Leah Carr Provides a tilr to Navigate Skills-Based Future

Jason McRobbie

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At a time when the pace of change exceeds many organizations’ ability to adapt, greater numbers of leaders are leaning towards skills-driven workplaces as the best means of future-proofing. We sit down with Leah Carr, CEO of tilr, to talk about the impact and importance of addressing the skills-driven workplace and why soft skills are now critical to organizational survival and employee satisfaction alike.

Key Takeaways:

  • Leaders need to understand that the looming skills gap cannot be surpassed with traditional methods.
  • In order to adapt to ongoing change, leaders need to understand the true value of soft skills as hard assets.
  • Adopting a skills-based strategy can help assess gaps, address opportunities and align learning and development to full organizational and individual potential.

Warning: Skills Gap Ahead. That pretty much sums up what business leaders have been hearing—if not heeding—for some time. That said, it was only recently that Korn Ferry put some serious numbers alongside the size of that upcoming skills gap, estimating the cost to American industry at about $8.5 trillion of unrealized revenue by 2030.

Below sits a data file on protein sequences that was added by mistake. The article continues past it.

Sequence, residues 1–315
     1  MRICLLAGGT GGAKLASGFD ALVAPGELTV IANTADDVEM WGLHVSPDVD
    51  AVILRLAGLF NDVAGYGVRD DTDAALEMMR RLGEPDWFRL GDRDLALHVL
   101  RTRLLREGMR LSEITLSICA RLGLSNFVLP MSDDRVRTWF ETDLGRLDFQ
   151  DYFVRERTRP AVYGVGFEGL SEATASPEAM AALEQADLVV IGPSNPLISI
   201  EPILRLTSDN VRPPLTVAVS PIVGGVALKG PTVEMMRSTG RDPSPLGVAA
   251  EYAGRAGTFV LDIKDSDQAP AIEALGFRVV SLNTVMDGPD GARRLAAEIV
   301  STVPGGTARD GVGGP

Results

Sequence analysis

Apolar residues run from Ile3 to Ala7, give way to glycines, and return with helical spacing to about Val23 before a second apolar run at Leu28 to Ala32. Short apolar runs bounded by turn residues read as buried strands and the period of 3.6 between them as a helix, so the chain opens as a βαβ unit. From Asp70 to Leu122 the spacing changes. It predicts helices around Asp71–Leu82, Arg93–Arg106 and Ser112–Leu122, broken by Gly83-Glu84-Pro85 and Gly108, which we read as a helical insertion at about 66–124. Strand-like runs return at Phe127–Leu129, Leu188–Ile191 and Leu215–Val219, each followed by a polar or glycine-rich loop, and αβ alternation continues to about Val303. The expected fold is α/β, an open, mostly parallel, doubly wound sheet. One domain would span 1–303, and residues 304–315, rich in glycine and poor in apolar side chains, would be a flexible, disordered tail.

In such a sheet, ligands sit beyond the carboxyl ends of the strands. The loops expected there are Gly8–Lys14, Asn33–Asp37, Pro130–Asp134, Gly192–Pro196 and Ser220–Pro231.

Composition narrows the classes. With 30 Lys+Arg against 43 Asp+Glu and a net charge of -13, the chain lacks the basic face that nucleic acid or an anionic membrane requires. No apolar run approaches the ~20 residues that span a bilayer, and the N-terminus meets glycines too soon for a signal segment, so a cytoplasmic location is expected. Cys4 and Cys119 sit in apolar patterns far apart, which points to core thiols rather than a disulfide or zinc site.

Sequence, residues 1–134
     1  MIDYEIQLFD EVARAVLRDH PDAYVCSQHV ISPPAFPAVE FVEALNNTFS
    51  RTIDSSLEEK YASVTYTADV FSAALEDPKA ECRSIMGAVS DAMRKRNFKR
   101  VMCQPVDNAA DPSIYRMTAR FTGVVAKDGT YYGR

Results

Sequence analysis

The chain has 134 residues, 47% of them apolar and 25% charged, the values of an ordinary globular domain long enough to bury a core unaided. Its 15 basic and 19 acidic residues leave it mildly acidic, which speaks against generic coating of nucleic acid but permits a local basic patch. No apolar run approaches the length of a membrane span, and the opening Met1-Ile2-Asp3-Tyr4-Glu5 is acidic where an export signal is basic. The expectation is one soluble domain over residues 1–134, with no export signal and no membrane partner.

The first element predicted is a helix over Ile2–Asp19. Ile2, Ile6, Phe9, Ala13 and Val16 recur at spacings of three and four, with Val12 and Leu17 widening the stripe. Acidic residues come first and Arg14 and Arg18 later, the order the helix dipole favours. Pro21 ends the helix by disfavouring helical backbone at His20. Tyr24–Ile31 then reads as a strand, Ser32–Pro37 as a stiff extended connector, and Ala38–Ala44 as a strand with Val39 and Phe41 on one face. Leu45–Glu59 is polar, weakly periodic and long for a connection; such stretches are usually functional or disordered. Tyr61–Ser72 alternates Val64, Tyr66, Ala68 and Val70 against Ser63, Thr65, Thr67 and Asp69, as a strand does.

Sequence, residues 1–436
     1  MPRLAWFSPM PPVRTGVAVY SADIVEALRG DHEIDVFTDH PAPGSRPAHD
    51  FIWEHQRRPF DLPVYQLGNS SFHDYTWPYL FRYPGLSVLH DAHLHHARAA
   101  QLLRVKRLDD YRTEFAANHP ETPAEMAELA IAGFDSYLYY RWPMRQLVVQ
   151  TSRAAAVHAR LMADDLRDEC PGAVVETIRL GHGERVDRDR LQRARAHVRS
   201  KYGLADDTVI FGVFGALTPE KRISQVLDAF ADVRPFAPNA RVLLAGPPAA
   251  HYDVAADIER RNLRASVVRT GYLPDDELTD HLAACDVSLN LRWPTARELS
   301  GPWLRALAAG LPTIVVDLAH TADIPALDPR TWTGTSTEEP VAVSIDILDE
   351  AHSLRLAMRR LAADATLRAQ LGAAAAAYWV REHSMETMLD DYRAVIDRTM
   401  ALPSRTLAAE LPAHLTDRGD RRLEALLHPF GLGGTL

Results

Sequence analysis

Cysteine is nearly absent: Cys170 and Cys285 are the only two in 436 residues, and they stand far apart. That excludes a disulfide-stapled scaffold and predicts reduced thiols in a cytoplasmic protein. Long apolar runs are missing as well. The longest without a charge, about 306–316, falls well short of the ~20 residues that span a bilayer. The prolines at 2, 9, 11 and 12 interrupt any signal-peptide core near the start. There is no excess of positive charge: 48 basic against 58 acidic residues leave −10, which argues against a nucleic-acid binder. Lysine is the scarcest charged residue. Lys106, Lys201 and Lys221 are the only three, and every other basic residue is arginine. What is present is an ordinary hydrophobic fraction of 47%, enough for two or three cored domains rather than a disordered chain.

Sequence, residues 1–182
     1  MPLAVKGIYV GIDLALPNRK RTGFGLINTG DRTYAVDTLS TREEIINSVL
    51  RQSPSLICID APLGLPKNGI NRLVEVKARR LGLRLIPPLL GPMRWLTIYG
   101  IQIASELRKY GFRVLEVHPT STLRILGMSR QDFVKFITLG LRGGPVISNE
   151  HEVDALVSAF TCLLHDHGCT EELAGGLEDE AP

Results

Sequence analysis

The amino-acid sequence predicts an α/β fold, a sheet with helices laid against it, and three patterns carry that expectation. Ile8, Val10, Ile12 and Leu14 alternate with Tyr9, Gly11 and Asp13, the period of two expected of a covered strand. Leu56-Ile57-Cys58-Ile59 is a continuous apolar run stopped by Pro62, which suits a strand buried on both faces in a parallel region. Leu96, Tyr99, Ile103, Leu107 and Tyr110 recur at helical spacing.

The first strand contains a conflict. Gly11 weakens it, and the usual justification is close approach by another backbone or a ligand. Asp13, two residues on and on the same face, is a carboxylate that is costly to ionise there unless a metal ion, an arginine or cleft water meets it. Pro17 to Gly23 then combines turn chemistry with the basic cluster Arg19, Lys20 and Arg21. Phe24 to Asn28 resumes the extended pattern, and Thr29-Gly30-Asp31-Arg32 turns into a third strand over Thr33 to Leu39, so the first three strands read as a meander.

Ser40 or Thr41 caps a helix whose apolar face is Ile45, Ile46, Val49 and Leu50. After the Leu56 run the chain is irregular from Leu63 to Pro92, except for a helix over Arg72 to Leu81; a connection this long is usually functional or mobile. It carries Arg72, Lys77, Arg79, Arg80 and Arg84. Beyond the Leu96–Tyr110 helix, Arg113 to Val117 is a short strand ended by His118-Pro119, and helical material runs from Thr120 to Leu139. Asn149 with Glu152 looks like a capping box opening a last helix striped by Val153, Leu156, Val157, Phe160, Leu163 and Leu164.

Part of that gap, according to a report by Dell Technologies and the Institute for the Future, is due to the fact that an estimated 85% of the jobs that will be available in 2030 don’t exist yet. More presently, McKinsey & Co. points to lack of meaning and development in their roles as the top reason employees are leaving their current roles.

“That means companies will not have the skills they need to run their businesses and to compete. So the real question has now become, ‘Do you want to be part of the lost opportunity or do you want to start thinking about addressing those gaps now?’” asked Leah Carr, CEO of the skills-based management platform tilr.

Doing so, according to Leah, requires a whole new way tackling the talent question—beginning with a shift of leadership mindset towards organizational and individual adaptability grounded in skills-based strategy.

“A lot of what is happening now is a mindset shift. A lot of companies are laying off and hiring, but if we actually understood the skills for the jobs we are hiring for, we could find more opportunities to rehire from within. The skills data is key to finding that fit for the three other roles that person might be great in.” said Leah. “Similarly, we talked with a big accounting firm that had too many people in audit and needed more few in cyber security. We showed them how to build a path to move people from that lower impact role to a higher impact role because using skills data gives you the ability to do that.”